What is a tenant?

I’m referring to the Tenant Fees Act 2019.
What is the definition of a “tenant” the act wishes to protect, surely a tenant is one whom enters into a legal tenancy agreement with a Landlord. Fully agree that those costs should be borne by the Landlord. That said, persons whom apply for tenancy and fail referencing are not tenants, so surely they should stand charges. Likewise I was not a landlord when I was applying to buy the property, only when contracts were exchanged was I the owner/landlord.
I’m seeing an increase in chances and dreamers applying whom have nothing to loose… Of course I ask them to fill in a pre-referencing form, where this signed form doesn’t agree with a failed referencing, they forfeit reference costs.

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ask to see proof of earning and bring bank statements . before you reference. The chancers wont do it

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Hi Peter, the problem you raise – that, without a small referencing fee, tenants have no disincentive from applying to many properties without seriously considering their suitability – is one that OpenRent raised in parliament when the Act was being discussed.

If the tenant misleads the landlord then the landlord may be able to claim the holding deposit as forfeit. This offers at least some protection to landlords.

As I’m sure you know, but to be clear for anyone reading this thread in the future, the analysis you present of who the Tenant Fees Act applies to is incorrect. Charging a prospective tenant a referencing fee would be a prohibited payment under the Act, as the prospective tenant is a “relevant person” in connection with a tenancy.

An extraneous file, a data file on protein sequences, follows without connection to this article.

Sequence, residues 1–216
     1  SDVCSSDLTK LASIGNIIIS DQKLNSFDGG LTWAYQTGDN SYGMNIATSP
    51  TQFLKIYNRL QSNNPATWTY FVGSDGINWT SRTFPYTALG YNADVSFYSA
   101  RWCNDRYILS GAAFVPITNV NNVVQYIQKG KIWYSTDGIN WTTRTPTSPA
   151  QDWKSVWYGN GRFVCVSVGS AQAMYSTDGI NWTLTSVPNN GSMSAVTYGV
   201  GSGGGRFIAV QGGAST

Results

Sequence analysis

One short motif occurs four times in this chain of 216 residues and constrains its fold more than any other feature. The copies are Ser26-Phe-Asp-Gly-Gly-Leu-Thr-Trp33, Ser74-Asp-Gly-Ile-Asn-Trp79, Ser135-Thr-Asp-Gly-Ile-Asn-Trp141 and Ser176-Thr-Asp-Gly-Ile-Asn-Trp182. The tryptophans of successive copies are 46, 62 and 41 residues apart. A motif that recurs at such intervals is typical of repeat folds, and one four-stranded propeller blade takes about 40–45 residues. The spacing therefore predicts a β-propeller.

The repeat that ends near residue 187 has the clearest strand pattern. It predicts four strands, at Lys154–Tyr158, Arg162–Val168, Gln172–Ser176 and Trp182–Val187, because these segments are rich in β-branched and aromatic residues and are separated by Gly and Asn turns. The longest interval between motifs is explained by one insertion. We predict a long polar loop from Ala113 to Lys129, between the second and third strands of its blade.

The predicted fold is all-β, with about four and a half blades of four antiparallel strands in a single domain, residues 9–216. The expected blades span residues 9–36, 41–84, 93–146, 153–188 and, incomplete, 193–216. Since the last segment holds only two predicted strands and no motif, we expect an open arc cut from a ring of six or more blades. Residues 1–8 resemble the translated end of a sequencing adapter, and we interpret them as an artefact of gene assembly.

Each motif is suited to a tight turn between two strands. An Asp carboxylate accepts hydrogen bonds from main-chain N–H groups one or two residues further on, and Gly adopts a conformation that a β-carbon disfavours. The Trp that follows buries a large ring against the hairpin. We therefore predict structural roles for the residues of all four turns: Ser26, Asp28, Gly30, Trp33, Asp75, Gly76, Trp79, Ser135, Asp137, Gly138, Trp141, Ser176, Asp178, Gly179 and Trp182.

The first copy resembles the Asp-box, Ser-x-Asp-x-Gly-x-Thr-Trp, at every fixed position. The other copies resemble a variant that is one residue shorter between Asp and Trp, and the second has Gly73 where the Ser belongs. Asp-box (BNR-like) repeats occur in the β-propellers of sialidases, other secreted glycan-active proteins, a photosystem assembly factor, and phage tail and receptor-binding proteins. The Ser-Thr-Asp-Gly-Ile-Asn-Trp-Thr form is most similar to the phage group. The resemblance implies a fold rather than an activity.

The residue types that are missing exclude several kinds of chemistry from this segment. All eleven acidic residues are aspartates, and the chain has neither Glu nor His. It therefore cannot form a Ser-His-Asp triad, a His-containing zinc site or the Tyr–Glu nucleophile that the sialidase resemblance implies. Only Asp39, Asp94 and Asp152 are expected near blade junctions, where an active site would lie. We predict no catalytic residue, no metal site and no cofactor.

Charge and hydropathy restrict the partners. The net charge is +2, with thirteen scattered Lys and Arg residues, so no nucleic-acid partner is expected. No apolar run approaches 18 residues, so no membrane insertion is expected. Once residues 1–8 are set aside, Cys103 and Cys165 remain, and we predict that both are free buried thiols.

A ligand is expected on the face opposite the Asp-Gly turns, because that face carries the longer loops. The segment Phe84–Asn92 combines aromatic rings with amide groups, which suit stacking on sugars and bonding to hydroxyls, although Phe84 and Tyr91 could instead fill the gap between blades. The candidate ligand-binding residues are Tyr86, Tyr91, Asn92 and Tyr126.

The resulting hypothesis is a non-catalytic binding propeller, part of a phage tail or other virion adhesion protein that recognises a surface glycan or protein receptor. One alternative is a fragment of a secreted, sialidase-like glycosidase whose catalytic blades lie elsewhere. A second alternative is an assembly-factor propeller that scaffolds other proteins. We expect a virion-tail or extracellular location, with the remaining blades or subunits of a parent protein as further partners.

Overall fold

Extract from the Tenant Fees Act guide DL from Gov.UK
“A holding deposit can only be retained if :
• provide false or misleading information which it is reasonable for you to take it into account (or my conduct in providing it), when deciding whether to grant the tenancy.”

In my case the applicant completed a signed pre-application that formed part of my opinion of being suitable. They stated as living at their current property for 3 years and paid rent regularly, the return stated 13 months with unsatisfactory rent payments (i requested vision of their current tenancy agreement along with evidence of rent payments, they did not respond to that). Also the question was asked do you have any CCJ’s, they stated No, the return stated to a current CCJ.
So I believe I was justified in this case (under the guidelines) of withholding the costs of referencing.

I think you are justified to, but unfortunately you can only do it legally if you comply with the other conditions of the Tenant Fees Act:

  1. You have written evidence of each of the false statements they gave you
  2. You have not retained held the deposit longer than the deadline, which by default is 15 days
  3. You have formally written to them within 15 days giving your reasons for withholding the deposit.

Hope this all applies and you get redress.